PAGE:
Catching Up

It’s time to reboot my blog after a really long hiatus. Life happens. Once you get out of the writing habit, it’s hard to get back on track until a friend tells you that she misses it. In this case, it took the encouragement of a faithful reader. I had no idea anyone cared. Thank you, Ann.

So here we are at the beginning of 2023. Where have I been creatively speaking? One place I’ve been spending time is at my sewing machine. I love it. It’s a beauty with all the bells and whistles. I’ve been making baby quilts to give away. It’s a good use of legacy fabric from my Mom.

Last fall I was invited to a quilt retreat with my cousin, Emily and her quilting buddies from Pennsylvania. A few days of fun in Amish country I thought! And that’s exactly what it was. We stayed in a refurbished old house next to a quilt shop in the little hamlet of Charm, Ohio. The first snow of the season added to the atmosphere.

I worked on some projects I needed to finish for Christmas and my fellow campers brought projects of their choice- a huge quilt, some knitting, paper piecing, a table runner, etc. We filled in the gaps with good food and a mystery jigsaw puzzle.

Christmas gifts for my four sisters- each with a special embellishment on the heart in the place of their birth order.

There were still grapes on the vines below the windows. Noelle, one of the quilters, captured a photo of a cardinal who stopped by. I was inspired to turn it into a piece of fiber art (below) for a mixed media textile class and then a watercolor (shown above). I hope you enjoy it.

Getting Motivated with Micro-Moves

Sometime last fall I tried to compose a painting by creating an abstract value pattern to paint some wildflowers. I did a value sketch and a little study in watercolor so I thought I was well prepared for an oil painting. It just never came together. I kept going far beyond the time when I should have thrown in the painting rag. I left that painting on the easel . I took me a while to realize that its ugliness was keeping me me from starting a new painting.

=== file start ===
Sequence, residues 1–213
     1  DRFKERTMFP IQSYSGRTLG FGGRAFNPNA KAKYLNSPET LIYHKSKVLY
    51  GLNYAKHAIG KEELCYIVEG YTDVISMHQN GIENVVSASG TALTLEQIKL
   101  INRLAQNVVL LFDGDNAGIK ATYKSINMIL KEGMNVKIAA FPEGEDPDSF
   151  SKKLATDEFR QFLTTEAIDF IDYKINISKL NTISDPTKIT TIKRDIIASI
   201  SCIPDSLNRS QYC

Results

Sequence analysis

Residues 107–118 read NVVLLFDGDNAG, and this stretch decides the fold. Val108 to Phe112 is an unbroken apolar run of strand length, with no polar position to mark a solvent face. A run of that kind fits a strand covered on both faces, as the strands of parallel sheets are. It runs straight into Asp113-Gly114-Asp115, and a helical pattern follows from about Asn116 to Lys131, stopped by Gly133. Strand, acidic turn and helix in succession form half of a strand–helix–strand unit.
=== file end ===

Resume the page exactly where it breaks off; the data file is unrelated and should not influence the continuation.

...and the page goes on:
I was doing very little art work and that’s never a good thing for my spirit. In order to keep an art practice going during the winter I started to draw a face each day. Some days I found a famous face online. Some days I copied pictures of family.

I focused on value and shape without really caring as much about likeness. I just wanted to improve my ability to see and reproduce accurately. It was relaxing because there were no expectations. In my reading about creativity I’ve come across the idea of doing just one small thing. Some people call it micro-moves. What’s the smallest action you can take to get moving on something you need or want to do? Sketching faces was my micro-move.

Here is a sampling of the work. Names have not been included to protect privacy and to add plausible deniability if the person or their family member doesn’t think I’ve captured the likeness. So let’s just say these are studies of faces.

The micro-moves had done their work. They kept me active and eventually inspired me to get back into painting. I found the girl in the straw hat particularly interesting, so I decided I needed to paint her portrait in oils. I liked the shadows caused by the hat. I also found her features very pleasing.


I started with an underpainting and intended to build up layers by glazing. I did that with the blue shadows and some yellow, but I kind of lost my way so I went to more direct painting.

First glaze

As usually happens, I start to lose some of the information that was included in the underpainting. You can see changes in the shape of the eyes as I added highlights. I spent small amounts of time over a number of days getting more specific with shape and color.

I’m in the middle of another painting, but here’s a glimpse. This little girl has tormented me for years. She’s a cutie but I can never quite capture what makes her the delightful little creature that she is. Here’s my latest attempt from a picture that’s several years old. Maybe this time…

Studio Dog

by Lucy

I’ve always adored the arts. Could have had a career in the theater if casting directors were smart enough to recognize real talent. They go for the fluffy types, I guess. Maybe I needed an agent.

Instead I chose a life out of the spotlight – studio dog to a would-be artist. I start the day with a good thump on the side of the bed to get her up and moving. If that doesn’t work I just breath in her face. Like magic her eyes open.

Then I click into personal trainer mode. If I didn’t get her out the door, pounding the pavement, she’d sit with breakfast and the paper until lunch.

Once she’s showered and dressed in her grubbies, it’s up the steps to the studio. “Studio” is a pretentious word for a spare bedroom with art supplies and stacks of paintings. It has my favorite window where I can patrol the street from higher ground. Yeh, I do some guard duty just to keep up my skills.

Basically I just lay up against the office chair or under the table. She’s got an eclectic taste in music and podcasts. I usually doze. If she gets really involved with the paint I can sneak out for a drink or some kibble.

I keep my comments to myself. I know where my chow comes from and critiquing her efforts does not work to my advantage. Some people think dogs are color blind. Still I know a tint from a shade. I’d tell her it’s all about the values, but my vocabulary is limited. She’s learning.

I’m definitely not going to be like the farm dog who told her that her plein air painting stunk. Well, he didn’t actually tell her, he just left a little token of his disdain right in front of the easel.

It’s a good life as a studio dog. If I worked any harder she’d have to pay me.